I have seen some in my time but I think this one is a favourite. Airports that is. Not because it glitters (Changi does a better job of that) but because it is such a melting pot. It gives true meaning to the word “exotic”. Two lads are trilling with excitement in the coffee shop where I am enjoying a latte. They are from India and are planning a canoe trip in Kazakhstan.
A holy man from India, with his sheets tucked up around his knees exits the toilet cubicle clutching a laptop. Families with skin as black as black camp on the floor and wait for their connection. They are the most patient travellers. And I have no idea where they are from. Germans bustle along as Germans always seem to do. Some Lebanese shout to their friends, alerting them to gates closing for Beirut. To get to this coffee spot I walked past a small booth with someone giving Spanish lessons. (yes Ellen I brought my Spanish vocab notes with me) I just learned what Spanish for “shower” is – probably handy if you have been cooped up in a flight for 15 hours. And have landed in a Spanish airport.
Australians drawl past with a twang I don’t really hear until I am out of the country. Little flocks of women drift along, heads covered in this or that Islamic headdress requirement. An Italian lady stands looking helpless as her toddler sheiks in tantrum, alternating between lying on the floor in front of a large Indian family (trying to delicately negotiate their way past and look away at the same time) or clutching her mother’s ankle. In the end the Roman in her explodes and she picks the kid up and carts it off under her arm. Islamic clerics line up at MacDonalds, looking crisp and fresh in their white garb. Filipinos carrying those ubiquitous laundry bags mill through, looking as if they have done this routine before. Which they probably have – on their way back to servile employment somewhere in the Middle East, sending money home and otherwise trying to do things better for themselves or their kids. They tend not to be the shoppers that fill the duty free traps in this place. That tends to be the wealthy Caucasian or north Asian.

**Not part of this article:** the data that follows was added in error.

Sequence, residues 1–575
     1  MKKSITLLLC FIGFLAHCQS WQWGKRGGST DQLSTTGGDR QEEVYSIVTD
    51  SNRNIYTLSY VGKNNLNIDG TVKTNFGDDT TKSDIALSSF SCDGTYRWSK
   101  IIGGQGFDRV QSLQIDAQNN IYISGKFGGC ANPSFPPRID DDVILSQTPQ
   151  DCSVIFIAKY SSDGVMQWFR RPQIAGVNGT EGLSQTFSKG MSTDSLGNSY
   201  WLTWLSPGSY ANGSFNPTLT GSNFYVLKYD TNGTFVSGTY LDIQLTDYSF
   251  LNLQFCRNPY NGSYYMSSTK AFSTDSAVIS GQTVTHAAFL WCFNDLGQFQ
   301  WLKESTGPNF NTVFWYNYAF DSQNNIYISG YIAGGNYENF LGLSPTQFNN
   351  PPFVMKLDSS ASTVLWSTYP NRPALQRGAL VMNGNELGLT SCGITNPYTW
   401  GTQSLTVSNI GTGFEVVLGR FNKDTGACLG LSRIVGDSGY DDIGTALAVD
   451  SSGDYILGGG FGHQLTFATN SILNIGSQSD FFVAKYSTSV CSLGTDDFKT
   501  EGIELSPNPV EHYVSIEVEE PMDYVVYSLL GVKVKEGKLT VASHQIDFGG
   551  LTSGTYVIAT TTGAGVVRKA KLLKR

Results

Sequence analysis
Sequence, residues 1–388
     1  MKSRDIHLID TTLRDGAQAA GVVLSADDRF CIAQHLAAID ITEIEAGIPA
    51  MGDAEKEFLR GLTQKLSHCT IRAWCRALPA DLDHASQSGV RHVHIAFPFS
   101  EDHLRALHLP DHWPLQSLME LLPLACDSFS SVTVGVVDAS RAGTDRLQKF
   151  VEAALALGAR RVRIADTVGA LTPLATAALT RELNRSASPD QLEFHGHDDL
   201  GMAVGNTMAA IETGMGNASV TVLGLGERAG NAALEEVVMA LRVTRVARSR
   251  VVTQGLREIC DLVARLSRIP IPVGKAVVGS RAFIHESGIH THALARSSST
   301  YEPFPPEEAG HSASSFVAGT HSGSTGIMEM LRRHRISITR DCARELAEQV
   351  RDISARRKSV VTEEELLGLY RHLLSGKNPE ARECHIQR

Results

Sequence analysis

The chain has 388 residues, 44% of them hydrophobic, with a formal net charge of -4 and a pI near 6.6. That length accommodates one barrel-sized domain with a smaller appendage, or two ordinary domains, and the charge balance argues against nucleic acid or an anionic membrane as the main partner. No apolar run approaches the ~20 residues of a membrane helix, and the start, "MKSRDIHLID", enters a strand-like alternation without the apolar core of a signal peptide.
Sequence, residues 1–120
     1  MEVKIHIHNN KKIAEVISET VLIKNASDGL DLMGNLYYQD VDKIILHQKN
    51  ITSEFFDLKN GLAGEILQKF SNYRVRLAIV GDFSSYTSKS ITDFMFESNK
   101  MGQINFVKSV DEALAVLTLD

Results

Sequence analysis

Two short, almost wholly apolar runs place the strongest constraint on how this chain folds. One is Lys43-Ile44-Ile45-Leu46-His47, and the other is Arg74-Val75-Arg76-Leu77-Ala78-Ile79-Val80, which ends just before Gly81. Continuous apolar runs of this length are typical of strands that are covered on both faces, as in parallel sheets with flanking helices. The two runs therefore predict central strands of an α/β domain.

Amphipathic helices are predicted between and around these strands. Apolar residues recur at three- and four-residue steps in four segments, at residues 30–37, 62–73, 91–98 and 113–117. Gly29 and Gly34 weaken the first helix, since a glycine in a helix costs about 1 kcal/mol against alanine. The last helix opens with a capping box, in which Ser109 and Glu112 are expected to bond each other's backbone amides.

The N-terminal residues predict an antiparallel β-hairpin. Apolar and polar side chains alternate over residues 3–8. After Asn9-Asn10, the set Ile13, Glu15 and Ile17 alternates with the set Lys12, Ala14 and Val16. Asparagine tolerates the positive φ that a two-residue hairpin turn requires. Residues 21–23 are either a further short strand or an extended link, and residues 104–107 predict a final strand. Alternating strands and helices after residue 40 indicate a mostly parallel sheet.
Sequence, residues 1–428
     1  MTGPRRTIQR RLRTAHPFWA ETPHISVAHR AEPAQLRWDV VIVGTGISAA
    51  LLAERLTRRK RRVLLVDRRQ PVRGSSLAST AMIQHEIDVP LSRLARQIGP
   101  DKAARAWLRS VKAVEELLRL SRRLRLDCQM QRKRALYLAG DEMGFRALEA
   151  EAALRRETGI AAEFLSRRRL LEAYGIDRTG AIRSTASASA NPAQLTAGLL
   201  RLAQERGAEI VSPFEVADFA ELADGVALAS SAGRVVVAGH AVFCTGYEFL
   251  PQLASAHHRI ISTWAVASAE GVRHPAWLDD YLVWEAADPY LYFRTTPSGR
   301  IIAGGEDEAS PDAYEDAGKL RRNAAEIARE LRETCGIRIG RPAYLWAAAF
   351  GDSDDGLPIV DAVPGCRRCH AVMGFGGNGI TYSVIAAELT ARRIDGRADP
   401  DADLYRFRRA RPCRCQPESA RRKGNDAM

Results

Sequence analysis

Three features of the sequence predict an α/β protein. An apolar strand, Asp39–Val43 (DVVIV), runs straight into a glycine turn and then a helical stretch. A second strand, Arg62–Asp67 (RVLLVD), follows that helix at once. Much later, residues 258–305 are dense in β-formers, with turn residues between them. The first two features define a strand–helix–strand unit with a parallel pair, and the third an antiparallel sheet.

Is there a predominance of this age or that age? Not really. Ancients shuffle along with the toddlers, young backpackers mix with middle age families. Older businessmen stride though a tide of wandering Koreans, younger twenty somethings on a tour. So many stories here. I think of the single story gleaned yesterday from the taxi driver and wonder at how many people are captured in this place as we cross paths from all corners of the globe. How magical it would be to freeze this moment (we don’t want any connections missed now do we), stretch time and find out from each other how it is we are in this place together. What stories lie behind the presence of us all here today? What adventures, opportunities, dreams, tragedies and hopes are driving us all into this steel shed, never to cross paths ever again. I am at Gate 225, about to jump to Nairobi. You readers can rub shoulders with me there next. (Abdullah the Hutt is nowhere to be seen – he dropped his boarding pass and I saw he was headed to Beirut.).